(“Central Park, 1992” – Lee Friedlander)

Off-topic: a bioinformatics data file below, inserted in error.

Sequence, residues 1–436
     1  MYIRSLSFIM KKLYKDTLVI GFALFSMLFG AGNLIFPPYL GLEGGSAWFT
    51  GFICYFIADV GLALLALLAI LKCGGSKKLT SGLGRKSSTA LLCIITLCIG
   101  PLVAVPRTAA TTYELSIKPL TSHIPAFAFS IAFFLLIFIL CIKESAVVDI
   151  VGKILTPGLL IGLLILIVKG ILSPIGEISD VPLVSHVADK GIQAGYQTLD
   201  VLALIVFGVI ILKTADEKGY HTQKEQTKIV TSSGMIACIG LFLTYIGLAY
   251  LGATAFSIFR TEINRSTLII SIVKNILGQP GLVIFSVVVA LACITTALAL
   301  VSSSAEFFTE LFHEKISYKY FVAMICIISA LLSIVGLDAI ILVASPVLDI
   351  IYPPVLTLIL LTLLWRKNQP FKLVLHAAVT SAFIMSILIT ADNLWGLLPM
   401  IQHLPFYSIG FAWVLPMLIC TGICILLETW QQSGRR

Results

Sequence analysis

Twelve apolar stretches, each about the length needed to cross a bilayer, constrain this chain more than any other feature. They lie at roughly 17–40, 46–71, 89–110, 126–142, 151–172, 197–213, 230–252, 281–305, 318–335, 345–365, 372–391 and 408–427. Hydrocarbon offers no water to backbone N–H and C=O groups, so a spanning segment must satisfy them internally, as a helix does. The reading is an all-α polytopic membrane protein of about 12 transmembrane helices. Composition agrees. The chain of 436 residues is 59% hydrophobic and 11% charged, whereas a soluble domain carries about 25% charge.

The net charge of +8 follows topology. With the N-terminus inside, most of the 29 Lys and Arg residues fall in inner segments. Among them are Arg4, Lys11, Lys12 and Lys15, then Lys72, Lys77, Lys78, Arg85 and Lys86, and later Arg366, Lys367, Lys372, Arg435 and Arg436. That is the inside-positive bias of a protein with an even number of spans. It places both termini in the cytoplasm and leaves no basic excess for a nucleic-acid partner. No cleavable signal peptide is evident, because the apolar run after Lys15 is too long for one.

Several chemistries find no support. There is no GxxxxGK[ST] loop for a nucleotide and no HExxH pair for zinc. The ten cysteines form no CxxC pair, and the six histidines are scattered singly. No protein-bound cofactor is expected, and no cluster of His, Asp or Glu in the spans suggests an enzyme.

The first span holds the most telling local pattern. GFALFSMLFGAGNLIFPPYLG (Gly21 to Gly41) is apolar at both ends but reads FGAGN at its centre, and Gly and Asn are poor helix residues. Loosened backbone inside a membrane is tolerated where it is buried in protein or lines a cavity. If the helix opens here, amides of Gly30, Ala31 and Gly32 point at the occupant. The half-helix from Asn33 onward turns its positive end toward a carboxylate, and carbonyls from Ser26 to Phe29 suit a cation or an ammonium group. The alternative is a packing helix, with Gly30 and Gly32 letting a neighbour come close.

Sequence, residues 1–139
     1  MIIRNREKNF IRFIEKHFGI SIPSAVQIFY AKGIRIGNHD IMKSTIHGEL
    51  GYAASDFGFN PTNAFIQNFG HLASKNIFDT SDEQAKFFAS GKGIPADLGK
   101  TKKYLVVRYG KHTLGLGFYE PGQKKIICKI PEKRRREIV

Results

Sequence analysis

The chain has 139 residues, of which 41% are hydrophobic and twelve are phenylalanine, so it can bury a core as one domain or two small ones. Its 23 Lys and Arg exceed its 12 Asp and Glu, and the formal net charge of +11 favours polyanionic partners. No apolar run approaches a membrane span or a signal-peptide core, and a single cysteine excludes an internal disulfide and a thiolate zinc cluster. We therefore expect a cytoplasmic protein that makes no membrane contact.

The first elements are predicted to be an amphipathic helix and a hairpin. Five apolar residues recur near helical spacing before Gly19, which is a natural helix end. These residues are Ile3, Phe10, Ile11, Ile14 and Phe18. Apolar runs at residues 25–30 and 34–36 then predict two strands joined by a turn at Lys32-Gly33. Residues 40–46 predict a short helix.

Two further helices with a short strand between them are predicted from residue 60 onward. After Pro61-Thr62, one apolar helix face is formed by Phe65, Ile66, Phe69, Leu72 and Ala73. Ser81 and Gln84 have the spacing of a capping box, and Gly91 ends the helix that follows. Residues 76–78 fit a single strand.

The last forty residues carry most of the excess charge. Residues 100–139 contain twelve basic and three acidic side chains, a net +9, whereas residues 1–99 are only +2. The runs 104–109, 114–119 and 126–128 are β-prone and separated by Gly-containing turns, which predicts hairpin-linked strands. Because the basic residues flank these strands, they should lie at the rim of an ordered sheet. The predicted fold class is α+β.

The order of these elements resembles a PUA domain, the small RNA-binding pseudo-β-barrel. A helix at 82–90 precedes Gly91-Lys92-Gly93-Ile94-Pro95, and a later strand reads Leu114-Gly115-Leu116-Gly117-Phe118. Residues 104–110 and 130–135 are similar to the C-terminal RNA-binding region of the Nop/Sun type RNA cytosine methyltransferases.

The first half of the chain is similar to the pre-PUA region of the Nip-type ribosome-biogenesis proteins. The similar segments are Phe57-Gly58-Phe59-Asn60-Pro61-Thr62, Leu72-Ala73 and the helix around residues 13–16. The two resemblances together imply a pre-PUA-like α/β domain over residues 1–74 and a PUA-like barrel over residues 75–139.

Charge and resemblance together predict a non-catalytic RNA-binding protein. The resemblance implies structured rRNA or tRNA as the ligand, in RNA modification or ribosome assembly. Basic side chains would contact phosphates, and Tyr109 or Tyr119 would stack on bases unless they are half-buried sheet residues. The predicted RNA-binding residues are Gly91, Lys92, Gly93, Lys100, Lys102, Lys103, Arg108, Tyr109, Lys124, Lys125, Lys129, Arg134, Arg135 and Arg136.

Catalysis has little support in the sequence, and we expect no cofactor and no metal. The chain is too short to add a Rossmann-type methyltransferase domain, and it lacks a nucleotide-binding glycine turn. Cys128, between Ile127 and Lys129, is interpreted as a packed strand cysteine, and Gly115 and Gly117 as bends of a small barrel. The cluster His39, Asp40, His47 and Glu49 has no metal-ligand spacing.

Yesterday’s rain and windy weather made it a perfect afternoon for a museum visit, so I headed to the Metropolitan Museum of Art to see two photography exhibits and the “Jasper Johns: Gray” exhibit. The highlight for me was the Lee Friedlander photography exhibit, entitled “Lee Friedlander: A Ramble in Olmsted Parks”. The gallery was filled with forty of Friedlander’s black-and-white photographs, taken from 1988 forward, of parks and outdoor spaces designed by Olmsted in the 1800s. Many of the photos show long, elegant branches or thick tree trunks in front of a bridge or other human-made structure; others capture the shadow that a majestic tree casts upon a large open field; and still others show sunlight filtering through the branches and leaves of a tree in full bloom. While the majority were taken in Central Park, there are also several from Brooklyn’s Prospect Park, Boston, Wisconsin, and upstate New York. I think Friedlander excelled at capturing the varying personalities and moods of the trees – other-worldly, haunted, regal, and proud, among other descriptions – and suggesting how they contrast with (or at times, can be threatened by) human-made bridges and buildings. The exhibit is on display until May 11, so I highly recommend you make a trip to the Met to see it.